<em>Androgyny</em> 2019<br/>
inkjet print on aluminium and polyethylene<br/>
55.4 x 83.3 cm<br/>
Kew High School Kew<br/>
&copy; Ethan Tan


A word of Latin origin, ‘simpatico’ communicates deep connections and compatibility between people. Works in Top Arts 2020 demonstrate artists’ close associations with their subjects and express feelings of awe, anger, joy, sadness, love, fear and hope.

The defensive figure in Memphis Neagle’s Lost reflects intense desperation and the experience of being entrapped and isolated. If you prick us do we not bleed?, 2019, exhibits Lizzie Hall’s passion for literature. Her pen drawing depicts Shylock, Shakespeare’s chief antagonist from The Merchant of Venice. As Hall says, ‘I want my portrait’s raw, unleashed emotion expressed across his [Shylock’s] haggard features to almost confront my audience, probing sympathy for his plight’.

Memphis Neagle<br/>
<em>Lost</em> 2019<br/>
inkjet prints<br/>
(1) 41.8 x 54.8 cm<br/>
(2) 42.0 x 53.6 cm<br/>
(3) 41.9 x 53.8 cm<br/>
(4) 41.8 x 56.2 cm<br/>
Firbank Grammar School, Brighton<br/>
&copy; Memphis Neagle

Lizzie Hall<br/>
<em>If you prick us, do we not bleed?</em> 2019<br/>
ballpoint pen on paper<br/>
(76.0 x 56.0 cm), 97.0 x 72.2 cm (framed)<br/>
Victorian College of the Arts Secondary School, Southbank<br/>
&copy; Lizzie Hall

JiaHua (Austin) Zou is equally impassioned in his plea for peace through his depiction of war in Fractured, 2019, as Bianca Julicher is on the issue of environmental vandalism. Julicher states that she ‘wasn’t interested in creating a piece that tiptoes around [her] ideas and meaning. $, 2019, spells out all wrongs, that as humans we have created’.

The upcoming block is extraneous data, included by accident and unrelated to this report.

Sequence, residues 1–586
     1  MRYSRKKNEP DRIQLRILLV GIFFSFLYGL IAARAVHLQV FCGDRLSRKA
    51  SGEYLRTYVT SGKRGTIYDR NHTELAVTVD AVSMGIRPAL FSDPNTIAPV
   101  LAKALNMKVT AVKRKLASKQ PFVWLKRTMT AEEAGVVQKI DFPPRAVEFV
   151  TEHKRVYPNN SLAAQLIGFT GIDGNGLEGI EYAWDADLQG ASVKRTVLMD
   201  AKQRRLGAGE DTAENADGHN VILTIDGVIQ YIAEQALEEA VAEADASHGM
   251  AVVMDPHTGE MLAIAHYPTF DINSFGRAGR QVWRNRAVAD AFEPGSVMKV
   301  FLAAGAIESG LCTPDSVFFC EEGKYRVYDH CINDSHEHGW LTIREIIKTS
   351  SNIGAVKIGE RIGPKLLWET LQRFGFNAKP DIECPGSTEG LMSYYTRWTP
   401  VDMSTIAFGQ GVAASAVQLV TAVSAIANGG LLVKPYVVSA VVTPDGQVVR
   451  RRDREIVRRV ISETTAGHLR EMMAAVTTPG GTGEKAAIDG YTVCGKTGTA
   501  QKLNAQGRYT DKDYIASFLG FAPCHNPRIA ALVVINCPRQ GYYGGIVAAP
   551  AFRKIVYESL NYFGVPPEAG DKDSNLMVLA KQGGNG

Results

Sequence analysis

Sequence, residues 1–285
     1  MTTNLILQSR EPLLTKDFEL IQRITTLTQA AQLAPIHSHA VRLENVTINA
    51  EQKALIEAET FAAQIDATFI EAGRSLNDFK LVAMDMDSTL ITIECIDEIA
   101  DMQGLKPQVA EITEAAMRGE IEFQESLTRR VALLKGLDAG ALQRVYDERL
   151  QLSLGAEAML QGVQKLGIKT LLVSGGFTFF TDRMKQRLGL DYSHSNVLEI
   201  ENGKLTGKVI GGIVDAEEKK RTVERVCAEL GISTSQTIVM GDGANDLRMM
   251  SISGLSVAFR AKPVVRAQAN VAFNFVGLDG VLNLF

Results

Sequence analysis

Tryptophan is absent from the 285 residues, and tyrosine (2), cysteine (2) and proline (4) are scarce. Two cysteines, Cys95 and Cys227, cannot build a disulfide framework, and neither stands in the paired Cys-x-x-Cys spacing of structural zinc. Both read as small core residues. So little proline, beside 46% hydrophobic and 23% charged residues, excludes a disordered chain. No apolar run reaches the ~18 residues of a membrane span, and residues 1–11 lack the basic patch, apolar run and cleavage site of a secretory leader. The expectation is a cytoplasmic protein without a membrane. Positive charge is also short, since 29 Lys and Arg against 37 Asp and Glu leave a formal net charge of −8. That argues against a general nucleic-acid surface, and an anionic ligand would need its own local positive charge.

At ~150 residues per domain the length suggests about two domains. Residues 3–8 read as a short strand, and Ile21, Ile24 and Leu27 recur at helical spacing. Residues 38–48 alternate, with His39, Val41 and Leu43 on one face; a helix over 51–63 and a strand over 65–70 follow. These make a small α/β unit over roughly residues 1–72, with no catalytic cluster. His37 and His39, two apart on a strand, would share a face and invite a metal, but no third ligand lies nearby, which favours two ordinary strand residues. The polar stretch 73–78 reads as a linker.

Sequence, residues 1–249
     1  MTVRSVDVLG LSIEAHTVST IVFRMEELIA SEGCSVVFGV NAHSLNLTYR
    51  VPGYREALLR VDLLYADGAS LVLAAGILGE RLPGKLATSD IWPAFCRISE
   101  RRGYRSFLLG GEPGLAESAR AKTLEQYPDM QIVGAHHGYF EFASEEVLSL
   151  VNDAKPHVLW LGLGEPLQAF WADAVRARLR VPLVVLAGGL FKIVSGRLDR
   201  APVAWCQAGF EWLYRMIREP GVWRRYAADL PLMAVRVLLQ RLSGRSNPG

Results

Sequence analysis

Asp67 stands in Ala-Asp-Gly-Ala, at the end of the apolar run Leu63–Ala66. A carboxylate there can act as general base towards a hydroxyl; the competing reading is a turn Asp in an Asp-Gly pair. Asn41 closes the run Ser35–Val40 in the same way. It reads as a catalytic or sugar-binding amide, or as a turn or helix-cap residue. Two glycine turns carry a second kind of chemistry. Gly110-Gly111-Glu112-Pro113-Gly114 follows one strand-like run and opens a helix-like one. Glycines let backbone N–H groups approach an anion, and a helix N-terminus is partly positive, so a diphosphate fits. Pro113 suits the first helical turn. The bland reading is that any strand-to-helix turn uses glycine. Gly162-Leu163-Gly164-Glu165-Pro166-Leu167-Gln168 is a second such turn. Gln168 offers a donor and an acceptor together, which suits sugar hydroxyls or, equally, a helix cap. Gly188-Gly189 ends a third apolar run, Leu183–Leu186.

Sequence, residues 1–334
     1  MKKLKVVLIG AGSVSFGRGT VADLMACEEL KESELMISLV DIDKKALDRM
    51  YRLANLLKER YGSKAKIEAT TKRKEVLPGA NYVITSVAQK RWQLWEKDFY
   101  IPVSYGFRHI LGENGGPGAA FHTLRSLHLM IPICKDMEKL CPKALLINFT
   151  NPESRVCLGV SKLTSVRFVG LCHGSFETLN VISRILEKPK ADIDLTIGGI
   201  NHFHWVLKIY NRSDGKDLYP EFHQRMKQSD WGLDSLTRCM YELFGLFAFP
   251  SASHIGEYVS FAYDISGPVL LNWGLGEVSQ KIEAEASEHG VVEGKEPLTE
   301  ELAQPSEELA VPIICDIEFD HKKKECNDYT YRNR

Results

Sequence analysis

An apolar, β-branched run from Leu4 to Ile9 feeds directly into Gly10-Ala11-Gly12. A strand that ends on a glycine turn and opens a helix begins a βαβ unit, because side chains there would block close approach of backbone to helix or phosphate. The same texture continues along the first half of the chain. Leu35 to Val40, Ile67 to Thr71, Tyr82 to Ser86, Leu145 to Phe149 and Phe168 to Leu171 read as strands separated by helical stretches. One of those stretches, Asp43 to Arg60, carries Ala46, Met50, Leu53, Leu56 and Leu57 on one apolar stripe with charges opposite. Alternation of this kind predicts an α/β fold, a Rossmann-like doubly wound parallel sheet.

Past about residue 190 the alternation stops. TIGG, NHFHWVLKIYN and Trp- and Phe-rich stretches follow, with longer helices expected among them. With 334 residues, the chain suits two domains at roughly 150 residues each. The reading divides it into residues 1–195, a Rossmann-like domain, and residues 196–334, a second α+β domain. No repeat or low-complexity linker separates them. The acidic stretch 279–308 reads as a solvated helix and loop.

JiaHua (Austin) Zou<br/>
<em>Fractured</em> 2019<br/>
(57.0 x 103.6 cm), 60.9 x 107.4 cm (framed)<br/>
Brighton Grammar School, Brighton<br/>
&copy; JiaHua (Austin) Zou

Bianca Julicher<br/>
<em>$</em> 2019<br/>
copper, resin, metal sign<br/>
65.0 x 120.0 x 5.5 cm<br/>
Woodleigh School, Langwarrin South<br/>
&copy; Bianca Julicher

By contrast, glimpses of natural beauty in the ordinary are revealed in Tasmia Islam’s oil painting Holding life, 2019, and Jack Hewish’s close-up photography series Portraits of nature, 2019.

Tasmia Islam<br/>
<em>Holding life</em> 2019<br/>
oil on canvas<br/>
35.5 x 35.5 cm<br/>
Suzanne Cory High School, Werribee<br/>
&copy; Tasmia Islam

Jack Hewish<br/>
<em>Portraits of nature</em> 2019<br/>
inkjet prints<br/>
(a-c) 59.0 x 41.8 cm (each)<br/>
Marcellin College, Bulleen<br/>
&copy; Jack Hewish

Personifying the theme of simpatico, Shae Jones expresses her deep respect for the world’s oldest continuous living culture and Aboriginal Ngurungaeta (head man) of the Wurundjeri in Murrundindi, 2019.

Shae Jones<br/>
<em>Portrait of Murrundindi</em> 2019<br/>
oil on canvas<br/>
183.0 x 91.0 cm<br/>
St Margaret's School, Berwick<br/>
&copy; Shae Jones

As Tony Ellwood AM, Director, of the National Gallery of Victoria states, ‘Top Arts is an opportunity for many people and especially students to engage with the arts and share their art with peers’. Overall, the forty-three exhibitors’ works are outstanding exemplars of how art can enrich the way we understand the world and make a positive change.

David Menzies is Curator of Top Arts 2020.